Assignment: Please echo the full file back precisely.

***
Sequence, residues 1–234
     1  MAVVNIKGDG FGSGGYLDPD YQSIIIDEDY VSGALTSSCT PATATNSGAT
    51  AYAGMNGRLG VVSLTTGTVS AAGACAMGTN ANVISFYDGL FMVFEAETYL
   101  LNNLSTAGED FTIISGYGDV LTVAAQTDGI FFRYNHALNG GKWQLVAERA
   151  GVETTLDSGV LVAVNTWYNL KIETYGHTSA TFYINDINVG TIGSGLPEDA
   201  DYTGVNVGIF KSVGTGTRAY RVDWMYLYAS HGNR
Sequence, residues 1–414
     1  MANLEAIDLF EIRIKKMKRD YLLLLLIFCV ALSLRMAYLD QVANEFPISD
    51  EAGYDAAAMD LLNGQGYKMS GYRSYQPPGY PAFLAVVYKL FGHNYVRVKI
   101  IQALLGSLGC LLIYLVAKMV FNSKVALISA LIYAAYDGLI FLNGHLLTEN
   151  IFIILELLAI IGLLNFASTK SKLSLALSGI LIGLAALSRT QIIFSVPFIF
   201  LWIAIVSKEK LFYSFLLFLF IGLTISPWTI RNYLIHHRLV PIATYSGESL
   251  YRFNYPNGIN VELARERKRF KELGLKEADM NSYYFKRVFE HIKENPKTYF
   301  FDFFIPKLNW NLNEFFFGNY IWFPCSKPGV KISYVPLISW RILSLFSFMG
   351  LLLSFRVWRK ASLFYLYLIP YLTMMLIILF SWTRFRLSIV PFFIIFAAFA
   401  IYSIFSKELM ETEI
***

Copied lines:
Sequence, residues 1–234
     1  MAVVNIKGDG FGSGGYLDPD YQSIIIDEDY VSGALTSSCT PATATNSGAT
    51  AYAGMNGRLG VVSLTTGTVS AAGACAMGTN ANVISFYDGL FMVFEAETYL
   101  LNNLSTAGED FTIISGYGDV LTVAAQTDGI FFRYNHALNG GKWQLVAERA
   151  GVETTLDSGV LVAVNTWYNL KIETYGHTSA TFYINDINVG TIGSGLPEDA
   201  DYTGVNVGIF KSVGTGTRAY RVDWMYLYAS HGNR
Sequence, residues 1–414
     1  MANLEAIDLF EIRIKKMKRD YLLLLLIFCV ALSLRMAYLD QVANEFPISD
    51  EAGYDAAAMD LLNGQGYKMS GYRSYQPPGY PAFLAVVYKL FGHNYVRVKI
   101  IQALLGSLGC LLIYLVAKMV FNSKVALISA LIYAAYDGLI FLNGHLLTEN
   151  IFIILELLAI IGLLNFASTK SKLSLALSGI LIGLAALSRT QIIFSVPFIF
   201  LWIAIVSKEK LFYSFLLFLF IGLTISPWTI RNYLIHHRLV PIATYSGESL
   251  YRFNYPNGIN VELARERKRF KELGLKEADM NSYYFKRVFE HIKENPKTYF
   301  FDFFIPKLNW NLNEFFFGNY IWFPCSKPGV KISYVPLISW RILSLFSFMG
   351  LLLSFRVWRK ASLFYLYLIP YLTMMLIILF SWTRFRLSIV PFFIIFAAFA
   401  IYSIFSKELM ETEI